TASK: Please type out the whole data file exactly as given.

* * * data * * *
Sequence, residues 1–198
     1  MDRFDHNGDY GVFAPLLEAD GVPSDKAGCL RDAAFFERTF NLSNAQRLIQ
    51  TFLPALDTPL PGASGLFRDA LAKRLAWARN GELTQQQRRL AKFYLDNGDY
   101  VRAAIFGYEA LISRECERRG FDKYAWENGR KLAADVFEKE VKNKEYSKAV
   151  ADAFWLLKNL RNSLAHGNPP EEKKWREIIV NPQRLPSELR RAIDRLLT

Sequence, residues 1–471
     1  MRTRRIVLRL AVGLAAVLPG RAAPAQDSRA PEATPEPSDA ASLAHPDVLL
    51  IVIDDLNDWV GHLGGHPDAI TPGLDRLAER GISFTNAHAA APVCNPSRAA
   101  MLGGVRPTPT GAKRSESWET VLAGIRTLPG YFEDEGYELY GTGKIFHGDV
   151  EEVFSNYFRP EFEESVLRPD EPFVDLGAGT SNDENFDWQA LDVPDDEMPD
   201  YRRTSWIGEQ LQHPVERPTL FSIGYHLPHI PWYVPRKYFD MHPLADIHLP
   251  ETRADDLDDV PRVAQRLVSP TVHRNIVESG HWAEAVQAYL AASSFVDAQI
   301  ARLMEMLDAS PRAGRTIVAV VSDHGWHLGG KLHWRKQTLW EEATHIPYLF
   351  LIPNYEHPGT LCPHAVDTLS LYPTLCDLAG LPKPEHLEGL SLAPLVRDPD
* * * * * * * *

Sequence, residues 1–198
     1  MDRFDHNGDY GVFAPLLEAD GVPSDKAGCL RDAAFFERTF NLSNAQRLIQ
    51  TFLPALDTPL PGASGLFRDA LAKRLAWARN GELTQQQRRL AKFYLDNGDY
   101  VRAAIFGYEA LISRECERRG FDKYAWENGR KLAADVFEKE VKNKEYSKAV
   151  ADAFWLLKNL RNSLAHGNPP EEKKWREIIV NPQRLPSELR RAIDRLLT

Sequence, residues 1–471
     1  MRTRRIVLRL AVGLAAVLPG RAAPAQDSRA PEATPEPSDA ASLAHPDVLL
    51  IVIDDLNDWV GHLGGHPDAI TPGLDRLAER GISFTNAHAA APVCNPSRAA
   101  MLGGVRPTPT GAKRSESWET VLAGIRTLPG YFEDEGYELY GTGKIFHGDV
   151  EEVFSNYFRP EFEESVLRPD EPFVDLGAGT SNDENFDWQA LDVPDDEMPD
   201  YRRTSWIGEQ LQHPVERPTL FSIGYHLPHI PWYVPRKYFD MHPLADIHLP
   251  ETRADDLDDV PRVAQRLVSP TVHRNIVESG HWAEAVQAYL AASSFVDAQI
   301  ARLMEMLDAS PRAGRTIVAV VSDHGWHLGG KLHWRKQTLW EEATHIPYLF
   351  LIPNYEHPGT LCPHAVDTLS LYPTLCDLAG LPKPEHLEGL SLAPLVRDPD